LFD Off-Road: The Must-Have 5th Gen 4Runner Skid Plate Every Off-Roader & Overlander Needs
There’s nothing that can replace protecting your vehicle, especially the underbody when you are on all those rocky trails that can beat things to death. The last thing you want is a factory skid plate meeting a large rock. You can take out an oil pan, transfer case, gas tank, or more. If you lose these, you might not be getting off the trail, and depending on where you are, that can mean a long long walk before finding someone, let alone cell service.
Who Is LFD Off-Road?
LFD Off-Road is a small business based in Denver and North Carolina. They specialize in off-road Toyota products. They were one of the first to introduce crossbars for your stock rails on the 5th Gen 4Runner, and they make everything from bumpers, to skids, to roof racks and sliders.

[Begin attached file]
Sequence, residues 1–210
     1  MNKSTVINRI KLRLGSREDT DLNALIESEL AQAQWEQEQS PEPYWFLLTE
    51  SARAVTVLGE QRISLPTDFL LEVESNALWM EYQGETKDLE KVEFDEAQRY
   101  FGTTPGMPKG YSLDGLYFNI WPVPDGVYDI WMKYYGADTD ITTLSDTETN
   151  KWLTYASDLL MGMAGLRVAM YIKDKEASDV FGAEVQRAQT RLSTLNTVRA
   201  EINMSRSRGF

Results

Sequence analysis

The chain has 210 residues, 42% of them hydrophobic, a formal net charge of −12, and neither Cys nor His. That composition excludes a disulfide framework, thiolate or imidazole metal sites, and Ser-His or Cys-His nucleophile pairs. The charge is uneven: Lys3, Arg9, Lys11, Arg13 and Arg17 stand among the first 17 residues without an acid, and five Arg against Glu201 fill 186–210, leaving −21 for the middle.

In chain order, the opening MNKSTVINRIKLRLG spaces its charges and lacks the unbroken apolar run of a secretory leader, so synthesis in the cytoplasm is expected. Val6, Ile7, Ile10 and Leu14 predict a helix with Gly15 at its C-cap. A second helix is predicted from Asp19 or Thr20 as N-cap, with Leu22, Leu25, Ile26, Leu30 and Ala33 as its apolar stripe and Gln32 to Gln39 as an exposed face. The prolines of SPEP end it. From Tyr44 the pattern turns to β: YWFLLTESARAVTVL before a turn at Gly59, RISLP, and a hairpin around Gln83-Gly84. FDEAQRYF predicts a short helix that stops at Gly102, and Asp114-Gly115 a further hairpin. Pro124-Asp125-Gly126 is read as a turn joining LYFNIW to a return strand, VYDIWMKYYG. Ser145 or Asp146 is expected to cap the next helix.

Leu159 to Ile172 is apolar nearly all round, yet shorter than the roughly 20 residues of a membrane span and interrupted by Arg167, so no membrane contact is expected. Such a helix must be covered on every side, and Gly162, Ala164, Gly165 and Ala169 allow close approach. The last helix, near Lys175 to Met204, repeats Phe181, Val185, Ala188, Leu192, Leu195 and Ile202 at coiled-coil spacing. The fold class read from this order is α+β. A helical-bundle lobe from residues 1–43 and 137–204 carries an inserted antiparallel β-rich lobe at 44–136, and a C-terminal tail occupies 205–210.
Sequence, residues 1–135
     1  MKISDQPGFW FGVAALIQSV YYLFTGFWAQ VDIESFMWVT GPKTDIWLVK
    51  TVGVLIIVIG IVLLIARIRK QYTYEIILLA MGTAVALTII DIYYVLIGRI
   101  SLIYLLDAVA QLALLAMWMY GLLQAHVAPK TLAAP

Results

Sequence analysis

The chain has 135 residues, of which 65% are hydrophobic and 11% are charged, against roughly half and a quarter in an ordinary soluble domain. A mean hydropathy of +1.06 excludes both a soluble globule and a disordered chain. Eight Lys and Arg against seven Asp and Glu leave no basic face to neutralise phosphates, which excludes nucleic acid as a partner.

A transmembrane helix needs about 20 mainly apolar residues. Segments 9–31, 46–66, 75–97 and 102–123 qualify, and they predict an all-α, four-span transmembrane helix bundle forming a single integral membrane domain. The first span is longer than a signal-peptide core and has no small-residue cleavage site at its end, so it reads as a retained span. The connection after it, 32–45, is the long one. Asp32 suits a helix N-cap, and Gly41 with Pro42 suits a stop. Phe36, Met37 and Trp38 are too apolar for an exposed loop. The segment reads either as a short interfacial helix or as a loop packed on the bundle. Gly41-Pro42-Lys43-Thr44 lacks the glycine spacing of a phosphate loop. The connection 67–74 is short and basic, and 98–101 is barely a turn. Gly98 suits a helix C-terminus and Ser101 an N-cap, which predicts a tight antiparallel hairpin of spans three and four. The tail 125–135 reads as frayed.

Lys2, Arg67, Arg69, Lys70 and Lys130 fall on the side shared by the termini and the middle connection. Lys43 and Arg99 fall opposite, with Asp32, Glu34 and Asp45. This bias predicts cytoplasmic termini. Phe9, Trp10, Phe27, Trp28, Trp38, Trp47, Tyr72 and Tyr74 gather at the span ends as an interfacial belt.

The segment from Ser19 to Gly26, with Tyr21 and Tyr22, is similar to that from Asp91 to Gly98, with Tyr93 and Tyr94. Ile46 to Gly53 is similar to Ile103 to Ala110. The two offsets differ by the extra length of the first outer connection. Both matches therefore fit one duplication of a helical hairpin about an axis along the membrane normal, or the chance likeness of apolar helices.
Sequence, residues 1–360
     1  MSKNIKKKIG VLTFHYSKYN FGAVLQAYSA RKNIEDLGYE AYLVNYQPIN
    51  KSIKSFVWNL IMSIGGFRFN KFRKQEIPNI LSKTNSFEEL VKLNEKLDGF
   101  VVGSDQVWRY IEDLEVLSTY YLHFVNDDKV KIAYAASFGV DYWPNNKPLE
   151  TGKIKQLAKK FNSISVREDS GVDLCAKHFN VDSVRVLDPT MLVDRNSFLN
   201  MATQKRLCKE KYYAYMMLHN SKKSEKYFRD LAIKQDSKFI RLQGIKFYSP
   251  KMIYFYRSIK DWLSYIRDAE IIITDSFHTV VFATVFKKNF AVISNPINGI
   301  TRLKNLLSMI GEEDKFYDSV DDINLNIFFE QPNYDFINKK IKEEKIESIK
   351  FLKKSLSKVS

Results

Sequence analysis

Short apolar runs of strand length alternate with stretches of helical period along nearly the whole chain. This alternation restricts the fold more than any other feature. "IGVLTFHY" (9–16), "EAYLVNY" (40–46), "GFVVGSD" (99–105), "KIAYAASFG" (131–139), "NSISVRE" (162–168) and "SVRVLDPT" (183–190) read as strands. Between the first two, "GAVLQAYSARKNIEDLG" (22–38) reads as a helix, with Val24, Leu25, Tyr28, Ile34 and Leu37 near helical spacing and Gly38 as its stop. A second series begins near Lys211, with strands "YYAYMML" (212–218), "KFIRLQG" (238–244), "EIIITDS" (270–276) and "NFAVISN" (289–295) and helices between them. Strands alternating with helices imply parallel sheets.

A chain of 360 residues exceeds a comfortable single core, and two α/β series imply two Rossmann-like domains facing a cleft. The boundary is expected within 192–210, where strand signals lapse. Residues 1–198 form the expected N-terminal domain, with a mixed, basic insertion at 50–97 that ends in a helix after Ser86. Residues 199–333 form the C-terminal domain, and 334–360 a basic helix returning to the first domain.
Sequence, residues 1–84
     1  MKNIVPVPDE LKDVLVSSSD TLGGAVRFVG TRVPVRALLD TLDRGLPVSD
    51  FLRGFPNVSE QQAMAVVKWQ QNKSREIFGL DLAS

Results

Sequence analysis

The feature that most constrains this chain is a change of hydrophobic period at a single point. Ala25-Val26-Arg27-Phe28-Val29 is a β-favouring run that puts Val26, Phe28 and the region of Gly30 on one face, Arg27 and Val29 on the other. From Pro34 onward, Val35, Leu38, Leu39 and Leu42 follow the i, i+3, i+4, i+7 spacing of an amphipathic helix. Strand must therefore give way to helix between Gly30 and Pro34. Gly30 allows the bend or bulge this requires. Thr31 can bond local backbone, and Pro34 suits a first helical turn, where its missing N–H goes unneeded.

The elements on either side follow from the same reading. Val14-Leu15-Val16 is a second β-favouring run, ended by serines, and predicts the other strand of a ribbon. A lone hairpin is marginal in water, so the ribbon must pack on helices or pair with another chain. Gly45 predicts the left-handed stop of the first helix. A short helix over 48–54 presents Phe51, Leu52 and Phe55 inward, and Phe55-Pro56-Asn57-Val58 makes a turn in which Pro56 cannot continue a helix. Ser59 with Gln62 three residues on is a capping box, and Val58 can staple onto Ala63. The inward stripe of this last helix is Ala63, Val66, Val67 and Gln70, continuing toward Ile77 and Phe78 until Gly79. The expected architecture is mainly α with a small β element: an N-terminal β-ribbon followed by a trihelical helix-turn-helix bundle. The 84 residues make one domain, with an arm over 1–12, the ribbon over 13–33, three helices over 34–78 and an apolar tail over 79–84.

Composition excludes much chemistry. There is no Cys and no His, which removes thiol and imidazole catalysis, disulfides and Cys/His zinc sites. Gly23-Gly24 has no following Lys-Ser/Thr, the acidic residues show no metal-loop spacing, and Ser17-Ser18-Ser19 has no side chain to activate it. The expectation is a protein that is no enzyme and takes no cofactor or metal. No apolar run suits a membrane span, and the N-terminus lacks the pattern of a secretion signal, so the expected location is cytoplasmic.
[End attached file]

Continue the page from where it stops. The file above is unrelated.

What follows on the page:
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- LFD Off-Road Skid Plates For 5th Gen 4Runner: Check Price
Do You Need Skid Plates?
The short answer is always yes.
Whether you have an off-road vehicle or not, there are important pieces to keep protected on a vehicle. Most of those include the oil pan and powertrain. While it’s unlikely something will hit these on the pavement, there’s always a chance that somethings in the road that you can’t see, and not being able to react in time will cause you to hit it.
Of course, when it comes to off-roading things are a lot different. You have rocks, trees, off-camber sections that can get you high centered, among different types of terrain that hold their own unique characteristics, such as hard-packed snow.